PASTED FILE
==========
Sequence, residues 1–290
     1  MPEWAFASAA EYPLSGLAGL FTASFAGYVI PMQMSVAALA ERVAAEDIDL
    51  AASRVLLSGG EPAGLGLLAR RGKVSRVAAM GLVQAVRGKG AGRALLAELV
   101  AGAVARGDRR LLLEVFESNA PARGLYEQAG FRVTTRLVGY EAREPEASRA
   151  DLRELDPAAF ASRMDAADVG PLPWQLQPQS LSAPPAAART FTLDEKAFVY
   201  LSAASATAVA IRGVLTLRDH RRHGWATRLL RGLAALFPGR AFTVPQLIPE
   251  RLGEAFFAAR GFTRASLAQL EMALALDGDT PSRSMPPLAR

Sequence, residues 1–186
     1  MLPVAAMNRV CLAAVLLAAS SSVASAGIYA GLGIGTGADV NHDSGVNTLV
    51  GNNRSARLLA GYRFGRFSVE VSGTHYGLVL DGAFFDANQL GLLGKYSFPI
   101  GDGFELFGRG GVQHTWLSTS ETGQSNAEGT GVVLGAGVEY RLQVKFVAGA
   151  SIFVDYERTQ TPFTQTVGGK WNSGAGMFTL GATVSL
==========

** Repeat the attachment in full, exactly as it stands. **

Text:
Sequence, residues 1–290
     1  MPEWAFASAA EYPLSGLAGL FTASFAGYVI PMQMSVAALA ERVAAEDIDL
    51  AASRVLLSGG EPAGLGLLAR RGKVSRVAAM GLVQAVRGKG AGRALLAELV
   101  AGAVARGDRR LLLEVFESNA PARGLYEQAG FRVTTRLVGY EAREPEASRA
   151  DLRELDPAAF ASRMDAADVG PLPWQLQPQS LSAPPAAART FTLDEKAFVY
   201  LSAASATAVA IRGVLTLRDH RRHGWATRLL RGLAALFPGR AFTVPQLIPE
   251  RLGEAFFAAR GFTRASLAQL EMALALDGDT PSRSMPPLAR

Sequence, residues 1–186
     1  MLPVAAMNRV CLAAVLLAAS SSVASAGIYA GLGIGTGADV NHDSGVNTLV
    51  GNNRSARLLA GYRFGRFSVE VSGTHYGLVL DGAFFDANQL GLLGKYSFPI
   101  GDGFELFGRG GVQHTWLSTS ETGQSNAEGT GVVLGAGVEY RLQVKFVAGA
   151  SIFVDYERTQ TPFTQTVGGK WNSGAGMFTL GATVSL